ADDED: 11/3/21: Were it not for my progenys' involvement in music I would consider donating all my instruments to ELM (Enriching Lives through Music) a very active music group for children (mostly in our city's Latino community) in my city of San Rafael, CA. It is really an incredible program of over 100 kids that some players in my chamber orchestra rehearsed (dress rehearsal only) and performed with 2 or 3 times about 5 years before COVID. They have degree musicians as coaches/teachers for each section and the two concerts I performed with them the conductor was the asst. conductor for the LA Philharmonic (even though we are 450 miles north of there).

After the last ELM concert I was in (and after I had stopped teaching) I donated several bags of stuff like chinrests, shoulder rests, cello stops, rosin, etc. to ELM.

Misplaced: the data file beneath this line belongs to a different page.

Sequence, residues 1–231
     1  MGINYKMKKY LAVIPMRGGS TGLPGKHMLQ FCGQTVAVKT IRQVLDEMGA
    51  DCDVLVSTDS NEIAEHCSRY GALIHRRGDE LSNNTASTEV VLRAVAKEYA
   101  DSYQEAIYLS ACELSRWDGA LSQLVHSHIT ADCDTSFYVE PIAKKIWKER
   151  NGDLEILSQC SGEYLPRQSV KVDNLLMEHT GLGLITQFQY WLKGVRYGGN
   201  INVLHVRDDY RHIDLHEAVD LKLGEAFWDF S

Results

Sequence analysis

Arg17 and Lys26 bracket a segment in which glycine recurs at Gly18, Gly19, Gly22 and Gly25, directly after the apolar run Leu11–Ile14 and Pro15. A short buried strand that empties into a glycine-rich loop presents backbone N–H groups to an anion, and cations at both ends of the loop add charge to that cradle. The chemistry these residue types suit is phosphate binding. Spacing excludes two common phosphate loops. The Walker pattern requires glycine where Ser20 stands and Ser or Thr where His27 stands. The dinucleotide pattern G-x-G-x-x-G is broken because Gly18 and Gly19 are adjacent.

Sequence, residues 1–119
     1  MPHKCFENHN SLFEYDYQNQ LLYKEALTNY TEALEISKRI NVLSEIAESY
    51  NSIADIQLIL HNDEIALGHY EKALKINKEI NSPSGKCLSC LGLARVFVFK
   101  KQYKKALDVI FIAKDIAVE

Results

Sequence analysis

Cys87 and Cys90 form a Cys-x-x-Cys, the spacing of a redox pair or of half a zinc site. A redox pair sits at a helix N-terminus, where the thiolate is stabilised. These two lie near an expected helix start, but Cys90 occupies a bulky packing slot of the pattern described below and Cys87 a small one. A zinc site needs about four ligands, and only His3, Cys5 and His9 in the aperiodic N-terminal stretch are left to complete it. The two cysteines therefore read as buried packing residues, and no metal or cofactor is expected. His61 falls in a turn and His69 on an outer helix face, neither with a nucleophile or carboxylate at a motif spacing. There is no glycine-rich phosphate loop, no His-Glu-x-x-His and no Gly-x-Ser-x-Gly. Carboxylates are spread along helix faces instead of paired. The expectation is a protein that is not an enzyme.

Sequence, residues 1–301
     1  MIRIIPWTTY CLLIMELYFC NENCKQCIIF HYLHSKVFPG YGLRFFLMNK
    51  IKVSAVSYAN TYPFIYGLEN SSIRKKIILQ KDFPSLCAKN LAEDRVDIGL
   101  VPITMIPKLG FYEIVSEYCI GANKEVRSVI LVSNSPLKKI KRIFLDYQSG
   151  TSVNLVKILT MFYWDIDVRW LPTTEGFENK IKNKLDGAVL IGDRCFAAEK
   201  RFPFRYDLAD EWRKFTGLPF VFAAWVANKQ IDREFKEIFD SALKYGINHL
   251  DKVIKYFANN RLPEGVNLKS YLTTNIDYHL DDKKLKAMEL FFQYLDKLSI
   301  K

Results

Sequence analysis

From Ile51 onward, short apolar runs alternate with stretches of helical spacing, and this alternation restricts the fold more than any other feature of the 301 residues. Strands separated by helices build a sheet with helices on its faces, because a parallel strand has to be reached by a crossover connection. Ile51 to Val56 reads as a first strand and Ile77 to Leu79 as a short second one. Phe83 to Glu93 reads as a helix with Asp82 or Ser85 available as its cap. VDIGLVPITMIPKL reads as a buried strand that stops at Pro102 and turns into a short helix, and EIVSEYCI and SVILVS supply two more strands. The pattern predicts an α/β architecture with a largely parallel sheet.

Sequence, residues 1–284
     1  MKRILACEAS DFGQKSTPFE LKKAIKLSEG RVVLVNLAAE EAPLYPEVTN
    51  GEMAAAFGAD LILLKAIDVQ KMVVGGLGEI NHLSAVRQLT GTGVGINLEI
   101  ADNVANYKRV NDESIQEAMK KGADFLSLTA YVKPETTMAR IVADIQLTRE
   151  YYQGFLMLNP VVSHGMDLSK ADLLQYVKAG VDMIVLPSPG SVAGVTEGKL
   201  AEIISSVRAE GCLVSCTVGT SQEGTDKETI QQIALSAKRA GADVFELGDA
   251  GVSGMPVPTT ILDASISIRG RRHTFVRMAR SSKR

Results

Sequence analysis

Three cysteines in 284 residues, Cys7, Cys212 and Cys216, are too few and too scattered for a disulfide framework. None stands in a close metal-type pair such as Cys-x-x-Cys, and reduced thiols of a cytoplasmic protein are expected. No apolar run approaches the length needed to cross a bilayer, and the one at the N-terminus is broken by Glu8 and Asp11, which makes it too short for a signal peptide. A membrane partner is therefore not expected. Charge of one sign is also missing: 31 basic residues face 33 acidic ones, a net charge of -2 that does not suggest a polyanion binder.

ELM: https://www.elmprogram.org/

November 3, 2021, 8:38 AM · Dear Skip - Thanks for that query.
When I was very young, my mother's old headmistress betqueathed me her full size Stainer model violin (Old German). Of course, it was smaller violins that my father taught me on and I played, but at the age of 8 I started to learn viola. My father moved the soundpost on that Stainer model backwards, and it became my viola until age about 10 or 11, after which he put the soundpost forward and it became my violin again, a little more dark toned than it had been, but eventually the tone got brighter (I later fell off a school stage with it, with consequences you can read about elsewhere on v.com if you are really interested, but it's not relevant to your question).
You don't need to assume that your grandchildren won't eventually want to play these full size instruments. Maybe you can find someone to keep them being played in the mean time, but it'll only be 3-4 years before your oldest has grown enough to play one of them as a violin.